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Learning from Serious Incidents: Implementing the National Guidance on Learning from Deaths

Friday 15 June 2018
De Vere West One Conference Centre, London

Learning from Serious Incidents: Implementing the National Guidance on Learning from Deaths

This event has now past, but there may well be news on the event including presentations and quotes from the day at our News pages here, a full list of our forthcoming events is available here.

Follow the conference on Twitter #NHSSeriousIncidents

“The Committee supports the recommendations made in the CQC’s report that training should be provided to staff across the health service in England on how to conduct investigations.” Will the NHS never learn? Follow-up to PHSO report ‘Learning from Mistakes’ on the NHS in England, 2017

This national conference looks at the practicalities of Serious Incident Investigation and the investigation of deaths ensuring adherence to the national guidance on identifying, reporting, investigating and learning from deaths of people in their care.

“The changes that we at the CQC have made to our inspection approach give closer scrutiny to the way in which NHS trusts identify patients who have died and decide which reviews or investigations are needed. They also involve a thorough review of how hospitals go about those investigations, how they ensure the involvement of families and carers, and how they share learning across the organisation to help drive improvements.The NHS is the first healthcare system to commit to reporting and publishing information on the number of avoidable deaths in its hospitals and the work that is being done by individual NHS trusts to learn from those deaths. This new level of transparency will be central to improving care and ensuring the safety of the NHS services we all rely on.”
Professor Ted Baker, Chief Inspector of Hospitals, Care Quality Commission, December 2017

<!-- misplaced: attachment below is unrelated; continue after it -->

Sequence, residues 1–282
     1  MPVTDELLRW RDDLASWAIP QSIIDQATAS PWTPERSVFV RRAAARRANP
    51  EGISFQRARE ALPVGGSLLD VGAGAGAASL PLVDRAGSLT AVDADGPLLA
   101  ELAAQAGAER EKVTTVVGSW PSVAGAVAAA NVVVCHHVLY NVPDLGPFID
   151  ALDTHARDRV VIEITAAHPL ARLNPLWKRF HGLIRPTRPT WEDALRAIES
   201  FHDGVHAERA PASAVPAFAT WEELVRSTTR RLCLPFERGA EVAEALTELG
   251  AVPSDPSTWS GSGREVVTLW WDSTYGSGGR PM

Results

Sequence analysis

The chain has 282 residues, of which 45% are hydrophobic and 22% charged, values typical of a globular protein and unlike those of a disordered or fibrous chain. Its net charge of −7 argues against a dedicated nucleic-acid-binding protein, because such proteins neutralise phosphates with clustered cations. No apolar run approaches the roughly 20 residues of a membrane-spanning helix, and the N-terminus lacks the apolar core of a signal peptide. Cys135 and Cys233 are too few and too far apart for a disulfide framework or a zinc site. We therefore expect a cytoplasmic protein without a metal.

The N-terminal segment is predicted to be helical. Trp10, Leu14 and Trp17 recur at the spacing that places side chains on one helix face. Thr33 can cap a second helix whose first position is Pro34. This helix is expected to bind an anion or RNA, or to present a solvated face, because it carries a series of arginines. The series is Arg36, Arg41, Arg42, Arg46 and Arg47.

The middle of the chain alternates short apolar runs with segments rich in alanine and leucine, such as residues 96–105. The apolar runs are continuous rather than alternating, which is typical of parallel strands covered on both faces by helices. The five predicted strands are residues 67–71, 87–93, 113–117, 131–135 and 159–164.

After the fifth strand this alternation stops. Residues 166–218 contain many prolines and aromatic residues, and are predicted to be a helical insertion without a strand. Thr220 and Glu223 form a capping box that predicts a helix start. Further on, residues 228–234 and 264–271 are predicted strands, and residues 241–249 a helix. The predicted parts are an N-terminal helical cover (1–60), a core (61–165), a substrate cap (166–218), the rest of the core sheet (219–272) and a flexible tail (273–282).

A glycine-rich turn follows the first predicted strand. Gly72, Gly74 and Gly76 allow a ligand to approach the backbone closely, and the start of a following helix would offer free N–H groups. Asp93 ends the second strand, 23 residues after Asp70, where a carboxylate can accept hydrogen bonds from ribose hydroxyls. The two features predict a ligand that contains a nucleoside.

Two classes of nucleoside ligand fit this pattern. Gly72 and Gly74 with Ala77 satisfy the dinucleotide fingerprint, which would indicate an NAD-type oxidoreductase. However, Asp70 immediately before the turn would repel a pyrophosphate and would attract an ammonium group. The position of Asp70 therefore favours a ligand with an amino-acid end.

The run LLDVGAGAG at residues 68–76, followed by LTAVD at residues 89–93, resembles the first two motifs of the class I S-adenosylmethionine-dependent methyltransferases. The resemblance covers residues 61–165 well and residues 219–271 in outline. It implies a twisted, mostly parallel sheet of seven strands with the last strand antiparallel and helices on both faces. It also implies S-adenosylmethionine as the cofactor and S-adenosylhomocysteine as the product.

“Patients and families are excluded by the system, which must become open and learning-focused if investigations are to lead to positive changes in the system. Families and patients should, as a matter of course, be included in investigations and should feel confident that lessons will be learned as a result of clinical incidents.” Will the NHS never learn? Follow-up to PHSO report ‘Learning from Mistakes’ on the NHS in England, 2017

We have often found poor systems and processes to manage risk so that safety incidents are less likely to happen again…Poor performance for safety is ofen a result of problems with a practice’s overarching systems and governance, which results in safety being a low priority and a culture that does not value ongoing learning from safety incidents.” Care Quality Commission October 2017

This conference will enable you to:
• Network with colleagues who are working to improve the investigation of serious incidents and death
• Learn from outstanding practice in the development of serious incident investigation and mortality review
• Reflect on the perspectives of bereaved families and carers and understand how you can engage them and recognise their insights as a vital source of learning
• Update your knowledge with national developments including the March 2017 NQB guidance on learning from deaths
• Reflect on the development of mortality governance within your organization
• Understand how to work with staff to ensure a focus on learning and continuous improvement
• Identify key strategies for improving investigation of serious incidents
• Gain cpd accreditation points contributing to professional development and revalidation evidence

100% of delegates at the last conference on this subject would recommend the event to a colleague

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